• The New York State Commission on Judicial Conduct publicly admonished a judge for dismissing a series of cases without according the prosecutor the opportunity to be heard and, in 3 cases, initiating and considering ex parte communications on the merits.  In the Matter of More, Determination (New York State Commission on Judicial Conduct March 13, 1995).
  • The New York State Commission on Judicial Conduct publicly admonished a judge for, after receiving an inquiry from the Commission concerning his handling of a criminal case, telling the defendant in that case to lie to the Commission.  In the Matter of Menard, Determination (New York State Commission on Judicial Conduct March 13, 1995).
  • The West Virginia Supreme Court of Appeals publicly reprimanded a judge for giving ex parte advice to an assistant prosecuting attorney about an on-going criminal trial.  In the Matter of Starcher, 457 S.E.2d 147 (West Virginia 1995).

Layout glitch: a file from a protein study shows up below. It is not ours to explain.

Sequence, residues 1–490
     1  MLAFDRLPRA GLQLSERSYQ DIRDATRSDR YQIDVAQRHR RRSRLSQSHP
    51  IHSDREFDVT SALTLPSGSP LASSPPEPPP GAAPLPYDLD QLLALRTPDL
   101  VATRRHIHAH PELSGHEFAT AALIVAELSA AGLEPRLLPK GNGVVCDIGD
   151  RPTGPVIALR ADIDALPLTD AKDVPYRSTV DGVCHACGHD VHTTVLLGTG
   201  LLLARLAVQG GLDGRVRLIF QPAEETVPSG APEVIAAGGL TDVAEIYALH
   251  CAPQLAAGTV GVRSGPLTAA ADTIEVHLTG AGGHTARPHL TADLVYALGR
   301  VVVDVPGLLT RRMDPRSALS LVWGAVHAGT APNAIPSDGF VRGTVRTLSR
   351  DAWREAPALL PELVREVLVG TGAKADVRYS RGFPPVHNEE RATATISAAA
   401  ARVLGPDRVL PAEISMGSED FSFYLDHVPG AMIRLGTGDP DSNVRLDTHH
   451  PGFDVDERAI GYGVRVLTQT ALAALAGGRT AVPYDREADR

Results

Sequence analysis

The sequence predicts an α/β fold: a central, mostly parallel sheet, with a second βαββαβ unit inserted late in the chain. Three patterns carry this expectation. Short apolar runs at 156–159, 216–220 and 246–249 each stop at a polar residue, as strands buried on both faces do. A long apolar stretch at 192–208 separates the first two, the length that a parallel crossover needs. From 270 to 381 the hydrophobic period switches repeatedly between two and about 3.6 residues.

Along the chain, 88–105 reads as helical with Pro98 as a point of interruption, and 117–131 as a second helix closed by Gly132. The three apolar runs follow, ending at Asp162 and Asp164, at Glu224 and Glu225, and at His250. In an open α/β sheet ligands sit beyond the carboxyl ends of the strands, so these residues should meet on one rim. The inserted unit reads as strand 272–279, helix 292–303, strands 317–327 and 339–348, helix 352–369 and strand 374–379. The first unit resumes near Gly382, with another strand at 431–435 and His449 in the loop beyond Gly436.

Throwback Thursday

5 years ago this month:

  • The Arizona Commission on Judicial Conduct publicly reprimanded a judge for appearing in a photograph on his law firm’s web-site in a judicial robe and advertising himself on the web-site as an active part-time judge pro tem in the Arizona court system.  Watters, Order (Arizona Commission on Judicial Conduct February 6, 2015).
  • The Arizona Commission on Judicial Conduct publicly reprimanded a judge for presiding over a criminal damage trial even though he was a leasing agent for the company that managed the property that had been damaged and had spoken with the resident of the property about the damage.  Wilson, Order (Arizona Commission on Judicial Conduct February 6, 2015).